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Barts Health NHS Trust v Dance & Ors (Re Archie Battersbee) [2022] EWCA Civ 935[30]

Arbuthnot J’s decision in respect of a 12 year old boy is successfully appealed by his parents and to be remitted for a fresh hearing before Hayden J and a new children’s guardian to be appointed.



The decision at first instance is set out here and this contains the relevant background to this tragic case. (Barts Health NHS Trust v Dance & Ors [2022] EWHC 1435 (Fam)).

At that hearing the judge granted permission for the parties to appeal her order on only one ground: that the making of a declaration of death was such an exceptional category of case that the judge should have applied the criminal, rather than the civil, standard of proof.

The Appeal

When the matter came before the Court of Appeal, the arguments were focused upon whether Arbuthnot J should have decided the case before her on Archie's best interests when it became apparent that a brain stem test could not be administered. The parents were permitted to add a further 5 grounds to their application but after an agreement was reached by the advocates as to the way forward, the central issue for this court to determine was whether Arbuthnot J had wrongly approached the determination of what was in Archie's best interests and if so, was there sufficient information before this court to do so or would it need to be remitted for a fresh trial before a new judge. A further matter for consideration was whether a new Guardian should be appointed.

The parents were clear that the case had gone wrong at first instance when the focus was on whether death had occurred rather than what was in Archie's best interests. Once the judge had formed the view that death had in fact occurred, she would have found it difficult to undertake a balanced best interests' assessment as set out in the decision of In Re M (Declaration of Death of Child) [2020] EWCA Civ 164 . It was further submitted on behalf of the parents that the guardian had also reached the same conclusion and as such their analysis would be flawed.

Whilst the Trust was of the view that the judge had all the relevant information when she reached her best interest conclusion, there was agreement between the parties that it would have been better for the judge to have preceded to consider best interests once it was clear that the brain stem test could not be undertaken.

Decision and discussion

The Court of Appeal determined that it is wrong for the judge to diagnose death on a basis which is not compliant with the Code of Practice for the Diagnosis and Confirmation of Death and where none of the medical witnesses before instructed in the case diagnosed death. Furthermore, they cautioned other judges from doing so henceforth.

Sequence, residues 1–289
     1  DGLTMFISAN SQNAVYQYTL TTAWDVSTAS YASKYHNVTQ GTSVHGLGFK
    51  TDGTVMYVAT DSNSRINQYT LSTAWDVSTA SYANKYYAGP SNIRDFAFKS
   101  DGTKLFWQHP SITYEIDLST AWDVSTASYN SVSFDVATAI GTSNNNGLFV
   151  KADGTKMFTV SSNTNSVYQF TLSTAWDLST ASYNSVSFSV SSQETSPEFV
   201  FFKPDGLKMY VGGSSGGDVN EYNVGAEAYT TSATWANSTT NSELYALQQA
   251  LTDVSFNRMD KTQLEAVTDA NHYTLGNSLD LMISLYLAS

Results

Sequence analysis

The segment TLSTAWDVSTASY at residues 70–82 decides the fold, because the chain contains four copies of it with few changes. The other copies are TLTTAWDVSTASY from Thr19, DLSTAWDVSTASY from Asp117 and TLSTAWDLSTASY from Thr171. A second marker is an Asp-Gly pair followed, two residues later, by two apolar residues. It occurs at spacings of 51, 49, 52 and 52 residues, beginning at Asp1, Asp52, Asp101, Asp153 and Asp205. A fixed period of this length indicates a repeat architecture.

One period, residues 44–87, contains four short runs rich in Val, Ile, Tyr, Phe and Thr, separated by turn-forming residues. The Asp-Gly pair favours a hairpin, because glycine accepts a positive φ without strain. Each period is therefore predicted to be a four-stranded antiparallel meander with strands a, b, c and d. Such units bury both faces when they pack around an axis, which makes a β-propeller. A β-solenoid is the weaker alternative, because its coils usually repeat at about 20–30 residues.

This court determined that the judge at first instance understandably focused entirely upon the medical and legal question of whether a declaration of death could be made and as such very little attention was given to any dedicated assessment of Archie's best interests. Her judgment in this regard was brief and concluded that even if she hadn't found that Archie was in fact dead, she would have found it was in his best interests for ventilation to be withdrawn.

Rather unusually in a case where the s1(3) CA 1989 factors are paramount to the decision-making process of the court, a welfare assessment was not directed against the Guardian nor did she give oral evidence at final hearing.

The Guardian was clear in her analysis that Archie was "dead beyond any doubt" and sought a declaration of such at final hearing. This was despite the Trust acknowledging that they were not seeking it due to the absence of brain stem testing and the parents expressing concern at the Guardian's position.

The Guardian erred in seeking to conclude that Archie had died when that was a factual matter for the court to determine and not her. Whilst the medical evidence may point strongly to establish a child has died, this judgment reminds Guardians that they must still discharge their continuing duty to advise the court on best interests unless and until a declaration of death has been made.

When considering the lack of welfare analysis by both the Guardian and then the judge, it would not be reasonable for the parents to have confidence in the judge's best interest analysis. Whilst the Guardian offered to remain allocated and undertake a fresh analysis, the parents refused her offer!

The Court of Appeal decided not to determine the central issue of best interests absent an analysis from a new guardian and the matter was listed before Hayden J on 11th July 2022 for a fresh trial.

The parents were not granted permission to a) to appeal the judge's decision to refuse them an ethics expert, and (b) to call an expert in natural death at the hearing before Hayden J.

Case summary by Anna Walsh, Barrister and Arbitrator, Coram Chambers

For full case, please see BAILII